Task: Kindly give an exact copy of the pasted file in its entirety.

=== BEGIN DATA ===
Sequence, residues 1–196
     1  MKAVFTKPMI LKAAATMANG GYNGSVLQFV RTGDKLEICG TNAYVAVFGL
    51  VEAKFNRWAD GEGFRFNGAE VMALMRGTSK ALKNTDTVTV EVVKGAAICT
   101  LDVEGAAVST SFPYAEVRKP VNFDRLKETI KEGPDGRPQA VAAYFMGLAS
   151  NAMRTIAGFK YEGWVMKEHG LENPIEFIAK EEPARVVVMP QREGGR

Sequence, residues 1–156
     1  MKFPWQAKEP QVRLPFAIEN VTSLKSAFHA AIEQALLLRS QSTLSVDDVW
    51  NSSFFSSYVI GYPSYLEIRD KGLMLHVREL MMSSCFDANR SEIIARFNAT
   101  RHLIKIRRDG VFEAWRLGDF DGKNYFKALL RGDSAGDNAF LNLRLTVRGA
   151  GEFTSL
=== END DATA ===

Sequence, residues 1–196
     1  MKAVFTKPMI LKAAATMANG GYNGSVLQFV RTGDKLEICG TNAYVAVFGL
    51  VEAKFNRWAD GEGFRFNGAE VMALMRGTSK ALKNTDTVTV EVVKGAAICT
   101  LDVEGAAVST SFPYAEVRKP VNFDRLKETI KEGPDGRPQA VAAYFMGLAS
   151  NAMRTIAGFK YEGWVMKEHG LENPIEFIAK EEPARVVVMP QREGGR

Sequence, residues 1–156
     1  MKFPWQAKEP QVRLPFAIEN VTSLKSAFHA AIEQALLLRS QSTLSVDDVW
    51  NSSFFSSYVI GYPSYLEIRD KGLMLHVREL MMSSCFDANR SEIIARFNAT
   101  RHLIKIRRDG VFEAWRLGDF DGKNYFKALL RGDSAGDNAF LNLRLTVRGA
   151  GEFTSL